LABOR BRIEFING: Okla. votes for ‘right to work’ law

Okla. votes for ‘right to work’ law

All workers lost out when the Oklahoma electorate on Sept. 25 joined 21 other states and passed an anti-worker “right-to-work law.” The vote wasn’t even close, 54 percent to 46 percent.

Business crows that now the state will be better able to compete with Arkansas, Kansas, and Texas for investors’ bucks. At times the AFL-CIO has been able to defeat such legislation, but once passed the federation has not been able to get it off a state’s books.

The 1947 Taft-Hartley Act allowed states to get out from under Depression Era laws that recognized the workers’ hard-won right to demand union membership as a condition for employment. The T-H Act was adopted despite the popularity of unions, as evidenced by the largely successful post-World War II strikes. The new law also provided that unions that had officers who were members of the Communist Party or who refused to sign non-communist affidavits would be denied the use of the National Labor Relations Board.

Mineworkers leader John L. Lewis denounced the new law as “fascistic” and called on all unions to refuse to comply. When they did not, Lewis pulled the United Mine Workers out of the AFL.

Subsequently, the labor officialdom in both the CIO and the AFL used the T-H Act to witch-hunt and oust many militant opponents.

To this day, the union movement is without a viable militant wing. That has allowed the labor bureaucracy to stay in power as it leads a decades-old retreat in the face of the bosses’ large-scale offensive attacking workers’ living standards and working conditions.


Hoffa Wins

In November-for the second time in 36 months-James P. Hoffa, the son of the storied Teamster leader, Jimmy Hoffa, was elected president of the Teamsters Union. Hoffa’s new term is for five years.

Winning by just under a two-to-one margin (Hoffa, 200,168; Leedham, 108,389), Hoffa scored a landslide victory over Tom Leedham, the candidate backed by the union’s reform forces, principally the Teamsters for a Democratic Union (TDU).

Hoffa won easily, but not cheaply. Incomplete financial reports filed with the election administrator indicate that Hoffa spent more than $3 million. Leedham reported spending $300,000.

Just like the rest of organized labor, the Teamster ranks are, at present, profoundly demobilized. Almost 1.1 million of the claimed 1.4 million Teamsters did not return their mail ballots.

It’s been estimated that Hoffa now has the support of 95 per cent of the officialdom. The number of officers with multiple salaries is once again on the rise. Nearly 200 officers draw down at least $100,000 a year, not counting perks. Hoffa draws down $228,713; even though he once swore he wouldn’t take a dime more than $150,000.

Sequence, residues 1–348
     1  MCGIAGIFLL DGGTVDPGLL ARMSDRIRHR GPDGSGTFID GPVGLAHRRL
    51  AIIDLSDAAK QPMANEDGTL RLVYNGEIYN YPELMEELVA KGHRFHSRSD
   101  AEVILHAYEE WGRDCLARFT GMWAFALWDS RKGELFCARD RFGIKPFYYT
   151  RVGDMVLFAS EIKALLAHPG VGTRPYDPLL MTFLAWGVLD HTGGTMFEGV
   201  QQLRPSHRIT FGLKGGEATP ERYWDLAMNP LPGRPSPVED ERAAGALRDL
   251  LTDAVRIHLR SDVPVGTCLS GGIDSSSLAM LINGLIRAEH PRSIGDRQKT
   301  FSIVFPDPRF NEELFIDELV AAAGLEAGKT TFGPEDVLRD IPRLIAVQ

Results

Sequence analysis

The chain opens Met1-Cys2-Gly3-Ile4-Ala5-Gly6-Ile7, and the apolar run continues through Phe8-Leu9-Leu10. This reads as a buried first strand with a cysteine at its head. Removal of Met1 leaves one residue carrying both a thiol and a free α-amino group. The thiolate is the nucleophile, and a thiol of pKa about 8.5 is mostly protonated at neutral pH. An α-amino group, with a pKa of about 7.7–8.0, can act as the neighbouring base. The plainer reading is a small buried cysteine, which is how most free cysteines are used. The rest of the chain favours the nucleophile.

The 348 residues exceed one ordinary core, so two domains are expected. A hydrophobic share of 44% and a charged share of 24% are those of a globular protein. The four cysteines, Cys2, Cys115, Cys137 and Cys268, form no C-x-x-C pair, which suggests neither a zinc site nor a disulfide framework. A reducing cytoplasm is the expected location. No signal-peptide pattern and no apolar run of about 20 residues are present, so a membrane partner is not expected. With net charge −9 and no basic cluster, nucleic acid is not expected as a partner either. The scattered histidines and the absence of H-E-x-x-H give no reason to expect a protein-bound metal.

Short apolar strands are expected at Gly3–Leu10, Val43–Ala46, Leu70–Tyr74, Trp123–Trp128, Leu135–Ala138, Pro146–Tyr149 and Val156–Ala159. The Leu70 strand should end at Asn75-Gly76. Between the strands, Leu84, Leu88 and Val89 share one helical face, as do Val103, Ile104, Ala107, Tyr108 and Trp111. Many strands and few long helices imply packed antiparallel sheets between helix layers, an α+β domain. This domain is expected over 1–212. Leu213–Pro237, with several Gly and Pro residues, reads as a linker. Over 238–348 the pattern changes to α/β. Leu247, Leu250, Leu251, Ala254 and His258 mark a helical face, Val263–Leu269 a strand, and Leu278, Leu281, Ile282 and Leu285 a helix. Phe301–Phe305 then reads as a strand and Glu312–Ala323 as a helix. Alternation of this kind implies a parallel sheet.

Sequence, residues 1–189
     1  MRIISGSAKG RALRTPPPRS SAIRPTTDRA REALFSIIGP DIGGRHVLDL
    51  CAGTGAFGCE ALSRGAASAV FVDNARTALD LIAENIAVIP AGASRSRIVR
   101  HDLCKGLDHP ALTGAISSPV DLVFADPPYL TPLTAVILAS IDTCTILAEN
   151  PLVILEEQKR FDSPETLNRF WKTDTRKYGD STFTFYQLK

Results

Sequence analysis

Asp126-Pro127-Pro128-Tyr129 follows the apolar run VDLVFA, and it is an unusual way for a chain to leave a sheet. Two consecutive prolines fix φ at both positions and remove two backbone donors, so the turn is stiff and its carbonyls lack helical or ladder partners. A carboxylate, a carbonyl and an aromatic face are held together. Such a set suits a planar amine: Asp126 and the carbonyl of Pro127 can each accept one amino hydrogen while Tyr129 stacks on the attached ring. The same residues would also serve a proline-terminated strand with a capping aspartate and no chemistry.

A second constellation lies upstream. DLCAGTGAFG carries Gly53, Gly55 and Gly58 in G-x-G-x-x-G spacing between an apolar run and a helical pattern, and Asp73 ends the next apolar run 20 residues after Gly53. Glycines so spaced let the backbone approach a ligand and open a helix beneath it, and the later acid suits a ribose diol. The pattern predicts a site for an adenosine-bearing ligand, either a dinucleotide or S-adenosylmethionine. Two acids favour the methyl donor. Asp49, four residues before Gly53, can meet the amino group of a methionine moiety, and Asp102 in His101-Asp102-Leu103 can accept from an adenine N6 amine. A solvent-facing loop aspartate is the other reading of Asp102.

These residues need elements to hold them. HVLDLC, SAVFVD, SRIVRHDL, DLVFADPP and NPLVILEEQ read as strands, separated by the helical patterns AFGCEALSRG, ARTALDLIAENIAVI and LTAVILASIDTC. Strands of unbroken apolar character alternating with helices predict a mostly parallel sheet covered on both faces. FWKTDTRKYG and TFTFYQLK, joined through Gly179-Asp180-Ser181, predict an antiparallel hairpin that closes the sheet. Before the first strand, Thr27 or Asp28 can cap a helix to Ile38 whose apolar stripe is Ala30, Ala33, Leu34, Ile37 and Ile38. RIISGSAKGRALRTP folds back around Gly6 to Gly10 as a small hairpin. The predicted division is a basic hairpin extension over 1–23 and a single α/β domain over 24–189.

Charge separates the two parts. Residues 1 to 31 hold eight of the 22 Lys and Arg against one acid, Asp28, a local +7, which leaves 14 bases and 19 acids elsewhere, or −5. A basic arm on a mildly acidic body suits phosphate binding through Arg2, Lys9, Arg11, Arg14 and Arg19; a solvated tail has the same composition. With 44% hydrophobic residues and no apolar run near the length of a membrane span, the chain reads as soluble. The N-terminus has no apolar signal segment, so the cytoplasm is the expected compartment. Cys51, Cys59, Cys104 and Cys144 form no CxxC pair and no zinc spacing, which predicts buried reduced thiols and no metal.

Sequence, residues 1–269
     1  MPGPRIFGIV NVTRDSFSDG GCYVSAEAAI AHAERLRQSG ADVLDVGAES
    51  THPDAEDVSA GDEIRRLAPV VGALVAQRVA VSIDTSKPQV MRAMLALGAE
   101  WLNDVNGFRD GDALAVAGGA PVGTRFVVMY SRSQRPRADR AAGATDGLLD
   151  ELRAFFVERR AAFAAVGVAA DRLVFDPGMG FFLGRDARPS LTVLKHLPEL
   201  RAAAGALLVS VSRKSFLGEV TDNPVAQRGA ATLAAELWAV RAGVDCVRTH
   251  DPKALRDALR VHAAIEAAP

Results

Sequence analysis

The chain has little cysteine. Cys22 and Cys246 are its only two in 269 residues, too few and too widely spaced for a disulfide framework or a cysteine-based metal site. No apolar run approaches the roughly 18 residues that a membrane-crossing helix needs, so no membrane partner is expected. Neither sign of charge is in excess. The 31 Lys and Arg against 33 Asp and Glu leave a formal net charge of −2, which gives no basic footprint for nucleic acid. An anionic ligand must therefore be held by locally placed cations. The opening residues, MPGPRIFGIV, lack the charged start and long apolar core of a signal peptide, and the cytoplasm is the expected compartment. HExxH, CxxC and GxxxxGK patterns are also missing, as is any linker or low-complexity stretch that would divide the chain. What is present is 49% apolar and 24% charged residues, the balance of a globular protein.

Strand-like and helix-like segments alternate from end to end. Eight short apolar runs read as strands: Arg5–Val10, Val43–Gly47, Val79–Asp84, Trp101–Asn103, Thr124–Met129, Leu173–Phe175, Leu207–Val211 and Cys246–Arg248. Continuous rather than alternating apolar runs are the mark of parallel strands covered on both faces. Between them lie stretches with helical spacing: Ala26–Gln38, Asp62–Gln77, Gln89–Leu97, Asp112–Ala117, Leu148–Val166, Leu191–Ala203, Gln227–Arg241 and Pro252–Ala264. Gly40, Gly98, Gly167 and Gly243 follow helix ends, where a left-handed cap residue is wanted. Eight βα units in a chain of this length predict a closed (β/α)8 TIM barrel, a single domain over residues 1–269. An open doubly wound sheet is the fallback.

Another UAW lemon?

The autoworkers will elect a new president in June to replace Stephen Yokich, who is retiring. Ronald Gettlefinger is a shoo-in to head the union that has lost half of its industrial membership since 1979. Gettlefinger is a member of the Administration Caucus, an establishment group that hardly ever loses an election. Convention delegates, not the ranks, elect the top UAW officers.

If autoworkers could directly elect their top officers, perhaps they might elect their leaders from the ranks of the UAW Solidarity Coalition/New Directions Movement that met in Flint, Mich., in October. The UAW reformers plan to run for delegate positions to June’s Las Vegas convention.

Reportedly, they’ll campaign for the ranks’ right to vote for top officers; oppose the cozy setup that allows the Administration Caucus to field a full-time shopfloor force with joint labor-management money; call for putting more steam and savvy into organizing efforts; and spark a plan for an industrywide strike.

Billy Robinson, leader of the Accuride strike/lockout, and former president of Local 2036 in Henderson, Ky., told the reform group that he may run to oppose Gettlefinger. The Accuride autoworkers have been fighting the national union to get real backing for their nearly three-year-long struggle.

There are 1 million U.S. autoworkers (assembly and parts). Still, today the UAW represents just 672,000, down from 1.5 million in 1979. The Flint oppositionists fear that Gettlefinger’s election will mean a continuation of the UAW’s numerical decline and organizing power.


N.J. teachers jailed for striking

Freehold, N.J., teachers raised handcuffed fists in solidarity, as a judge sent 228 of them to jail for defying his injunction not to strike against takeaway demands. They had refused to work any longer without a contract.

One teacher said, “When you give in, you are saying, ‘keep stepping on me.'” But with no help from the labor movement, the isolated teachers voted on Dec. 7 to go back to work.

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